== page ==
Geneva mom, Carolyn Haber, shared at the New Moms Coffee on August 27, 2021.
My ultimate joy would be sitting with you in my backyard, in the shade of my magnolia tree, to get to know each of you a little better. If we were at my house, you might be a little surprised by “my girls,” my feathered friends, my chickens. They are all named (at least, most of them are): you would see Wilma Jean (she’s the most friendly) and Fern (named by the art teacher, Mrs. Fraser); then there is Lurleen, Thelma, Libbie, Matilda, Eleanor, and the list goes on. This morning, I want to share with you five things I learned from my chickens.
Stick close to the rooster.
Our rooster is named Ralph, after Dan’s father. Ralph’s primary role is flock security, which includes flock advisor and flock counselor. His eyes and neck dart, as he is constantly on guard; he gathers the hens close and physically protects them from predators. He also is one that will alert and alarm his ladies when he finds good eats; the hens come running. Just as I notice my hens stick close to the rooster, I will say for you and me: Cling to Jesus. He will guide you and protect you. He loves you unconditionally, he is always available to you, he knows your thoughts and hears your prayers. The Bible says that he knit you together in your mother’s womb and he knows the number of hairs on your head. He equips you for every good work. Stick close to JESUS!
A mother hen’s love for her chicks is inspiring.
This morning, I watched my mama hen with six less-than-two-week-old baby chicks. The day she became broody, which means the day she decided to be a mom, she started sitting on eggs. Mama hens sit on eggs for twenty-one days: her clutch of eggs can be a mix of her eggs and some of her hen friends’. (Some chicken mamas have even died because they were so committed to sitting on eggs—they didn’t get up to eat). Once the babies hatch, the mother hen is a fierce mama, constantly clicking and clacking to communicate with their chicks. She is teaching them what to eat, calling them when they are wandering away, fussing with the other hen friends that get too close to her babies. I love to find the baby chicks resting underneath mama or on top of her back.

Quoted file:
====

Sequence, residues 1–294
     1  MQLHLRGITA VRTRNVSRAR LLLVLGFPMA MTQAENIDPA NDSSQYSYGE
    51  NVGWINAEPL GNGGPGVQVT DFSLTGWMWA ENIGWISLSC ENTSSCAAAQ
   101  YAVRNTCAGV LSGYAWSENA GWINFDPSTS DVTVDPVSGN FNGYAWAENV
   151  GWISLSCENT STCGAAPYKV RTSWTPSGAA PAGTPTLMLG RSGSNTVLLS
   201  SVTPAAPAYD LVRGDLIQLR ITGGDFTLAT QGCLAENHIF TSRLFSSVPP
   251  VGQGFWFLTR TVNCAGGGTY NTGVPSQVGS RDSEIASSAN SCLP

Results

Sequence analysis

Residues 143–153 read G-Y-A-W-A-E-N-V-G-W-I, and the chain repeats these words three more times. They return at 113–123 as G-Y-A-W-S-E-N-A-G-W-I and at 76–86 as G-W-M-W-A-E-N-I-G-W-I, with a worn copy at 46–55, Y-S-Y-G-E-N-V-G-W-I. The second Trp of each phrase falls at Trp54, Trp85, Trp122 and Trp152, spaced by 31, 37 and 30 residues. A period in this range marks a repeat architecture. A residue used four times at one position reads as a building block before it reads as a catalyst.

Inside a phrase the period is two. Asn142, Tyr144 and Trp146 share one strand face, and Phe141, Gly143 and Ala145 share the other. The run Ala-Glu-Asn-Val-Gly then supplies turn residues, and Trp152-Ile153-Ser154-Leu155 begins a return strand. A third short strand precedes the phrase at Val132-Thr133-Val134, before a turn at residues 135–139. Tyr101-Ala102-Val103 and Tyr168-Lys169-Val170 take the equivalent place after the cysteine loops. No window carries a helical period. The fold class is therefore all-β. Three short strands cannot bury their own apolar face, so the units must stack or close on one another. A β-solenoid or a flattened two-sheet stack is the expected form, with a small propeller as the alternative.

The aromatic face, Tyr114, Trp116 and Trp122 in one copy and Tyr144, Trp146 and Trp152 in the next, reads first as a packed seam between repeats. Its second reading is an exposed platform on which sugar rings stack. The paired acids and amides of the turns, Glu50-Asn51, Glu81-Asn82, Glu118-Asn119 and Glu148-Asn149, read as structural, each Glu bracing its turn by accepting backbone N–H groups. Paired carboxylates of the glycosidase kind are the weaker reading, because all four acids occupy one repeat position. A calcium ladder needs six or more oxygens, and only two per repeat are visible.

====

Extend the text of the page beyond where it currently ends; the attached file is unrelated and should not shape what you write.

Look around—this room is filled with mamas! Each woman in this room is here because you are a mama, you have a child or children at The Geneva School. I know you are equally committed to your chicks. You are not new to motherhood yet you are new to this school; welcome to Geneva! We are glad you are here! Mamas, you are in great company. And what you don’t see is a greater company of moms that have gone before us and the moms that you have yet to meet.
Last year, I felt new all over again, as I had a little one in K4. I loved meeting a bunch of new moms; we were all starting with our little ones, their first time in real school, a full day. I am a believer that relationships need repetition and experiences. For me last year, while sitting on the sidelines with other new parents at the Friday night soccer games, volunteering together the day of SALT, seeing one another at birthday parties or school events, relationships were kindled. Get involved. You have a place at Geneva. We are glad you are here. As a mother, you love your kids fiercely so sometimes it seems like work to get connected; yet make friends, get to know other mothers and families, and link arms, and let’s do this together. Which leads me to my next point.
Chickens recognize the value of community.
Innately, chickens understand the importance of sticking together. Where one goes they all go. Separating from the flock can lead to danger or death. At times, one will find a worm in one part of the yard, and at a moment’s notice, they will all be scratching the same spot for good grubs. Periodically, I will introduce new hens to the flock; it takes a little time for each of them to make new chicken friends and figure out their role in the flock. Sound familiar as you are making new friends, figuring out a new school schedule (possibly with drop-offs at different campuses) and uniforms that might not have arrived on time and what after-school activity will work for each child? Thankfully, the teachers and staff know and are there to help in a time of transition.